The Olympic Marketing Police can do all they like about cracking down on use of Olympic messaging or brand icons by non-sponsors (their ‘statutory marketing rights’ document is 61 pages long), but brands who aren’t on the official roster are still going to be associated with London 2012 by the Great British Public.
As early as January this year non-sponsor Nike was the sports brand most associated with the event (I guess the assumption being that as the biggest and shoutiest sports brand surely they’d have got involved) and as of early May, over the pond ‘non-affiliated marketers’ took 27 of the top 50 spots measuring effective brand activation.
As consumers of marketing messages, we just aren’t wired to carefully shift through looking for official logos and Olympic endorsed endlines. We connect with the campaigns that talk about national pride, and celebrating great endeavours, i.e. what the Olympics are all about.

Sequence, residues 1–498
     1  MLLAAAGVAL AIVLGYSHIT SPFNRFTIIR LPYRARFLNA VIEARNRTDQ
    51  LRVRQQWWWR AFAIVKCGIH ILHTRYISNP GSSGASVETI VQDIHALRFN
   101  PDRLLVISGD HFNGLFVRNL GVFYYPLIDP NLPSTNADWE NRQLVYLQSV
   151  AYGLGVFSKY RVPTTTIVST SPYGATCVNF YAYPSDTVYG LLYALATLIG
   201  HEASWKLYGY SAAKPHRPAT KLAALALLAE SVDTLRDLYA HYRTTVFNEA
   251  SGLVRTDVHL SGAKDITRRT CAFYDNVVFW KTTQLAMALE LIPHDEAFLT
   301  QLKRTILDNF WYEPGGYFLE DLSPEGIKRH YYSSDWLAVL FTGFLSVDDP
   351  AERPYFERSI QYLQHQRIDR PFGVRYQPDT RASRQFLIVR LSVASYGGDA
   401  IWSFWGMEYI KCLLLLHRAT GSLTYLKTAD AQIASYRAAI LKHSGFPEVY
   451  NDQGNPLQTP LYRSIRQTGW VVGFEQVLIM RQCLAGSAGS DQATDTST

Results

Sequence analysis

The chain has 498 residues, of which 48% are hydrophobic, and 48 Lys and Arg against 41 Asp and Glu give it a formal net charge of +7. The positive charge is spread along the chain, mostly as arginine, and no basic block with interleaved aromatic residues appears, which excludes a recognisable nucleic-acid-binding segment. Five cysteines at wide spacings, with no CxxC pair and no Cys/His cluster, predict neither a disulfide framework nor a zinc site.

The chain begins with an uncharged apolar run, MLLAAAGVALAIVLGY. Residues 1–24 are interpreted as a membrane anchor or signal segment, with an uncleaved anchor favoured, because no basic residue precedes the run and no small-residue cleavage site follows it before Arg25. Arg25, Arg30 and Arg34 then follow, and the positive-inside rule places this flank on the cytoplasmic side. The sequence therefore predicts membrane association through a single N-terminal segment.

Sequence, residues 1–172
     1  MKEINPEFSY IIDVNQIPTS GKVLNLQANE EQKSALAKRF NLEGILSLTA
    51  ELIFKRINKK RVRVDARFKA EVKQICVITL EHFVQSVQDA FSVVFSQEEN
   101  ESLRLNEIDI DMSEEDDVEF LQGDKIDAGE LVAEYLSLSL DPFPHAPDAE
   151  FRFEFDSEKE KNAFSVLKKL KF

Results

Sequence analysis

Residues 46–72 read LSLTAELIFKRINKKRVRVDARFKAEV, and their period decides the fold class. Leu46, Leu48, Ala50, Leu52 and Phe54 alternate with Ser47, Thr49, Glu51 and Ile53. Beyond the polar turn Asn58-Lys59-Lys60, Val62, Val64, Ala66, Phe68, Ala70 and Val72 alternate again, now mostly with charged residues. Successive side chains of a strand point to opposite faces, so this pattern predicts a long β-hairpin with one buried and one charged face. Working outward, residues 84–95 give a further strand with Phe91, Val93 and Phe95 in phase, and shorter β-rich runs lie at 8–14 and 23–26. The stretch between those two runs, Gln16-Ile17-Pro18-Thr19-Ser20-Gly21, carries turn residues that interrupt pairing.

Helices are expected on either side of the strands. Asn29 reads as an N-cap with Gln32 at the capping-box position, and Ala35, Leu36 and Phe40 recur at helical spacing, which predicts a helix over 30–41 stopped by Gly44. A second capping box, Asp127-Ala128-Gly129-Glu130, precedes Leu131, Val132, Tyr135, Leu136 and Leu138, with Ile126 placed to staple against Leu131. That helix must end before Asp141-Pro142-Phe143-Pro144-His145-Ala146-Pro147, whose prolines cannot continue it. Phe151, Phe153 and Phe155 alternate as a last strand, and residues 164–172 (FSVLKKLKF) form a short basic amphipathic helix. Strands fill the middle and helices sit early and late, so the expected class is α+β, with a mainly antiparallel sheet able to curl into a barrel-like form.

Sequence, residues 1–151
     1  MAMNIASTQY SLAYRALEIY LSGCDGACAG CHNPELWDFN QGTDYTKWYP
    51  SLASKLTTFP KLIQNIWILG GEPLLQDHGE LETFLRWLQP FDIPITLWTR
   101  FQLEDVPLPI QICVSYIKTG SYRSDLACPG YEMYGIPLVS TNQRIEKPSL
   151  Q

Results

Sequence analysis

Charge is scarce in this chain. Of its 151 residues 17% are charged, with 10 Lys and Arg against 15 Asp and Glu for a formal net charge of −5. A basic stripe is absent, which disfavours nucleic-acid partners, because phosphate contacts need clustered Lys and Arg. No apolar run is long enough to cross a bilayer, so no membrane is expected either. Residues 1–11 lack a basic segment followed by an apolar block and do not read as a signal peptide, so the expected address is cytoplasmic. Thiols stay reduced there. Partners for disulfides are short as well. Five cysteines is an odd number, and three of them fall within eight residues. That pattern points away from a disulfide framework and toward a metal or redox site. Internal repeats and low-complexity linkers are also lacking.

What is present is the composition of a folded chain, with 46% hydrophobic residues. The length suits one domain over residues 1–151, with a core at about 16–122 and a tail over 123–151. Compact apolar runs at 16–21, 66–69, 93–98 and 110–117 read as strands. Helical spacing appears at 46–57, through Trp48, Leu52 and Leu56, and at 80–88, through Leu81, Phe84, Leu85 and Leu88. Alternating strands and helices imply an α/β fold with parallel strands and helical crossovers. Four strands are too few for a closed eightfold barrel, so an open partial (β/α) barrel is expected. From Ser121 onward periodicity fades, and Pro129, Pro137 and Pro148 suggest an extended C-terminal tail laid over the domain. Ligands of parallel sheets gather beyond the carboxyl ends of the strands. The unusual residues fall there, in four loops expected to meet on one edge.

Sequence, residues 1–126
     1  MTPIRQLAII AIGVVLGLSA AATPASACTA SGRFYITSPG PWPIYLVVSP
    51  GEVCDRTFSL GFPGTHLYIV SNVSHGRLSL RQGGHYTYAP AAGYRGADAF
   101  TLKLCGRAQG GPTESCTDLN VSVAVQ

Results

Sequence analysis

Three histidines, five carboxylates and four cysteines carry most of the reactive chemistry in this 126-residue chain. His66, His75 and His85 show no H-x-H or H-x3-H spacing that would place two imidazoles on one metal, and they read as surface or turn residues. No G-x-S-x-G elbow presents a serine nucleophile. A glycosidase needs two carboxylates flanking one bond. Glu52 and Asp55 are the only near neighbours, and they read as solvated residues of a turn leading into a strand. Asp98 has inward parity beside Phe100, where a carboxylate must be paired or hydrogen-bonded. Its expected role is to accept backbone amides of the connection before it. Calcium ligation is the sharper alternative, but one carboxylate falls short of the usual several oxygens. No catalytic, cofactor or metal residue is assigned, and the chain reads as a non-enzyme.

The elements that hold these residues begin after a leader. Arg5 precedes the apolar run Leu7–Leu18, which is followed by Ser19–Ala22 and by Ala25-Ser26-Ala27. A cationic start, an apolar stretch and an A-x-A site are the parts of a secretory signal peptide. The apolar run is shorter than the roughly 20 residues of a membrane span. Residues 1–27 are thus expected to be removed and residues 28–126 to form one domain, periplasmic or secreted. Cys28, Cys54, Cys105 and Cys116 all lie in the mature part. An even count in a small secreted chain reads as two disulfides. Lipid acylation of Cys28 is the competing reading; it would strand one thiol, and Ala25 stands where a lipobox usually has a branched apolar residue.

Everyone is saying nice things at the moment about P&G’s ‘Proud Sponsor of Mums’ official Olympic campaign, but I’m not sure that come flag waving time what we must now refer to as a ‘John Lewis approach’ is going to cut through. I think the winners are going to be brands that talk about pride and celebration – and handily, no-one has slapped a ban on gratuitous use of union jacks yet (so long as they’re not held by an athlete).
non-sponsor Virgin Atlantic and RKCR/Y&R show us all how to do it
In contrast, the Diamond Jubilee logo can be downloaded free off the royal website (complete with brand guidelines) and it seems that so long as you don’t put it on a teapot without asking nicely first or imply HMQ’s direct endorsement then at least individuals and non-profits can do what they like with it. Top marks, ma’am.
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